My first real job was working for a bookstore in Eugene called Gandalf’s Den Fantasy Gallery that also sold wargames and role-playing games.
Almost exactly a quarter-century ago — in the summer of 1982 — the children’s librarian at the Springfield Public Library contacted the store to see if they had anyone who might be interested in talking to the kids at the library about Dungeons & Dragons, which was at the time still less than a decade old. The owner and his wife delegated me to do the presentation, which was unsurprising, since I was the only employee at the store.
A few weeks after I’d agreed to make the appearance, I got a call from the librarian. She told me that a “youth pastor” at a local church had an objection to the topic and that they were threatening to picket and make a fuss at the library unless they were given a chance to speak out about the evils of D&D. And they insisted on making their statements before my presentation. The head librarian apparently had acceded to their demands, the only option I had was to not give the talk. I was 20, I was stupid, I decided to go ahead.
When I showed up for the talk, there were a dozen or so ten to thirteen-year-old boys — the upper age range of just the kind of kids you expect to find at the children’s library on a sunny summer afternoon — and what seemed like a score of members of the church group, including the pastor, a couple of adults, and a number of teenagers (including the only girls in attendence). Not to mention the children’s librarian, the head librarian, and some news media.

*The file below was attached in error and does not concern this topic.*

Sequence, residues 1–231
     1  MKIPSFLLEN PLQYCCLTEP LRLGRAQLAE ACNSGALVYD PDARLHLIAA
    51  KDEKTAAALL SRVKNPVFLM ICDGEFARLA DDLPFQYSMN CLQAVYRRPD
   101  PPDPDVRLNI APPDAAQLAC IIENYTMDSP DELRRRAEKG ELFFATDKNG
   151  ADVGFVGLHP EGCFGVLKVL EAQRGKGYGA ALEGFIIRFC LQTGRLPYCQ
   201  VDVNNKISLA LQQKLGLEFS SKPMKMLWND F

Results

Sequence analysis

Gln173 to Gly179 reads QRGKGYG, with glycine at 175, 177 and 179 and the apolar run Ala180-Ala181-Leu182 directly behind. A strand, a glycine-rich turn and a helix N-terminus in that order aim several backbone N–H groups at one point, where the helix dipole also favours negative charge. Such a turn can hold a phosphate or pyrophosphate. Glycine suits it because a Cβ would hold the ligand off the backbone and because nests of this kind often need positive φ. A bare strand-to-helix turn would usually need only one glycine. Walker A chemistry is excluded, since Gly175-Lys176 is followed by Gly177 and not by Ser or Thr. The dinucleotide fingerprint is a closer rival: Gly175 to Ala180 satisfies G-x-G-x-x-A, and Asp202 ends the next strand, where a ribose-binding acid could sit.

The pastor gave a very stirring speech about how the D&D led to all sorts of Satanic rituals and how you had to spend thousands of dollars on suits of armor and how it corrupted your soul. He went on for what seemed like a half hour. Much fidgeting took place.
I finally got to speak and gave my little dog and pony show about D&D and role-playing games, and other types of games. The photo shows Champions (superhero RPG), Bushido (feudal Japanese RPG), D&D, The Morrow Project (post-nuclear holocaust RPG), and GANGLORD (my own play-by-mail gang warfare game), as well as a couple of others I can’t make out (not to mention my friend and moral support for the event, Tom Stansfield, leaning on the podium). I talked about how there was no way I could have afforded to spend thousands of dollars on armor, how as an athiest I could hardly be a Satanist as well, that I didn’t know any nor did I believe in magic, and how I viewed the whole spectrum of games as just a way to enjoy the company of other people. I answered questions about games from the kids, was asked by the church teens if athiesm wasn’t just the same as Satanism, and tried to keep myself on an even keel when I felt very much outnumbered.
I don’t know if it was planning or sheer dumb luck that made me put on the shirt my folks had brought back from the National Zoo. Despite the wild hair, the beard, and maniacal smile, I think it might have been difficult for some of the kids to seriously consider me as some sort of threat to all that was good with panda bears on my chest.
I have a very nice letter from D&D creator E. Gary Gygax offering his support about the incident.